A World United
Breakfast in the Pacific, dinner in the Caribbean. In our jet set world anyone can do it. Time was, however, when the journey we made in a day took many months, until about 25,000 people died hacking and digging their way through the isthmus of Panama to make the Panama Canal the waterway that united the Pacific and Atlantic oceans, making both commerce and tourism ever so much more feasible and miles less dangerous.
We awoke just after dawn to this view of Panama City. I’m not sure what I was expecting, but this New York-esque skyline sure wasn’t it.
Just offshore was a marine parking lot full of ships waiting their turn to go through the canal. Evidently cruise ships pay huge sums for a priority passage and for the privilege of going through in the daylight. The passage takes most of the day, and we were glued to the decks. It’s an amazing experience. About 15,000 ships a year make this crossing, but we felt really special to be doing it ourselves.
This is what we looked like pulling up to the entrance of the canal. Actually, this is our sister ship Millenium, who was following us through, but the ships are identically enormous, both being Panamax, as large as a ship can be and still fit into the locks of the Panama Canal.
And it’s a tight fit, at that. At 150 feet into the first of the Miraflores locks, with another 900 feet to go, Shel easily reaches out from the deck of the ship to touch the side of the canal.
We locked through next to the container ship Endurance. Here you can see the four locomotives that will pull her through, and keep her centered in the lock passage. There are another four on her port side, and we were similarly harnessed to our own set of eight locomotives.
Even though we were so far from home, she was loaded with containers bearing names that we can see every day on the Seattle waterfront, making the world seem smaller than ever.
The crew doesn’t have a lot to do during the canal transit. A pilot comes on board every ship and stays for the duration of the transit. The Panama Canal is the only waterway in the world where someone other than the ship’s captain is in control of the ship. Local pilots come aboard in most major ports, but in an advisory capacity. Here, the Panama pilot is the master of the ship, although we were told that normally he doesn’t actually put his hands on the wheel.
While the pilot is providing the brains, the locomotives provide the brawn, chugging sturdily along, guiding the giant ships through the tight passage.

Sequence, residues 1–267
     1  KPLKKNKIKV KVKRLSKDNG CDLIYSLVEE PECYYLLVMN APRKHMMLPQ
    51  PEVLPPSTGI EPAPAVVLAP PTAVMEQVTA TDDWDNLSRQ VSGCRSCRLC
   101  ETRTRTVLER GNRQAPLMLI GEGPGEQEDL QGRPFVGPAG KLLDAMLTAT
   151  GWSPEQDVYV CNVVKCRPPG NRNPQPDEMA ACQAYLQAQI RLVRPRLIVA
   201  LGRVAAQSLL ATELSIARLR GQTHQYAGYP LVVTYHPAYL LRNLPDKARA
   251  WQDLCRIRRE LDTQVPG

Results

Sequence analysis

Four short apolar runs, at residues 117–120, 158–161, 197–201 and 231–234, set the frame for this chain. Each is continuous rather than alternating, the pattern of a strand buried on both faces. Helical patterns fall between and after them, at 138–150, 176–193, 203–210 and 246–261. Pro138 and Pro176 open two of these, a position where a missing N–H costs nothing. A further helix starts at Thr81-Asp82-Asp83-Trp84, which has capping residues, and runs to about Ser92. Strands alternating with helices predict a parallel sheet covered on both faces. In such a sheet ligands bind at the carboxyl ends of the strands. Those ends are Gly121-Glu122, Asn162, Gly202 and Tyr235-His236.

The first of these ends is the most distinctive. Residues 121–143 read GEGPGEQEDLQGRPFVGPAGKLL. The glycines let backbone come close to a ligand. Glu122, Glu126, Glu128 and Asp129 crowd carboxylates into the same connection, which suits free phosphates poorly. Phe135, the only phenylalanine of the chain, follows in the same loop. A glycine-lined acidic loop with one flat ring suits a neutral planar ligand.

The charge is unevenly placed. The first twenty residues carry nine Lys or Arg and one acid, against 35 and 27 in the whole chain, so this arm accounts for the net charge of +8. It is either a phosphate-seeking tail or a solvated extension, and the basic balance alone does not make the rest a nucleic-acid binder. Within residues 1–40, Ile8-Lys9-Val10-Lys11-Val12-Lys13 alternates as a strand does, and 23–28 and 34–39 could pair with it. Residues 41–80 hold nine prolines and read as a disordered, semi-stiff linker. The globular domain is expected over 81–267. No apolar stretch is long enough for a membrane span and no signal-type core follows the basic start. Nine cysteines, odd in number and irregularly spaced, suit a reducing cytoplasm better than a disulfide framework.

It’s a slow process, and there’s time for a sailor to eat his breakfast while waiting to release the cables attaching the ship to the locomotives.
Even the locomotive crew has time to take it easy.
For all the high tech aspects of the transit, if the canal crew needs to get down to the water, they do it the old-fashioned way.
The Canal provides employment to about 10,000 Panamanians, who can take their breaks sheltered from the almost constant rains during half the year. Of course, it’s thanks to Panama’s torrential rainfall that there’s enough water to flush the ships through day after day,
and it does make for an incredibly lush green beauty in the region.
But it’s because of those rains that the Canal is a perpetual work in progress. Dredging is a constant operation, and sodden hillsides slide into the ship channel.
The land on either side of the canal is terraced to dizzying heights,
giving you a good idea of what back-breaking labor was involved to dig it all out in the early 20th century.
And now there’s a new earth-moving project, as a third set of locks is added to the canal to accommodate even bigger ships. About a third of the world’s commercial shipping fleet is larger than Panamax, and so a new channel must be dug for them.
We never learned why, but the new locks will abandon the tough and clean locomotives,
and the biggest ships will be helped through entirely by tug boats.
At the end of the day the last of the Gatun locks opened before us. On the right you can see a grandstand holding a lot of people who had gotten off the ship to watch it pass the final set of locks, but we had no intention of abandoning ship.
Once through, the busy port city of Colon came into view
followed by the gateway to the Caribbean, which would soon open into the Atlantic. Pretty unimposing, isn’t it? You’d think there would be a sign, like Hurray, You Made It, or Is this a Miracle of Engineering, or What? But no, we just slipped quietly through, raised a glass to the guys whose lives were lost so that we might pass easily from ocean to ocean, and another to the vision and perseverance that divided a country to unite a world.
And then we headed to Cartagena.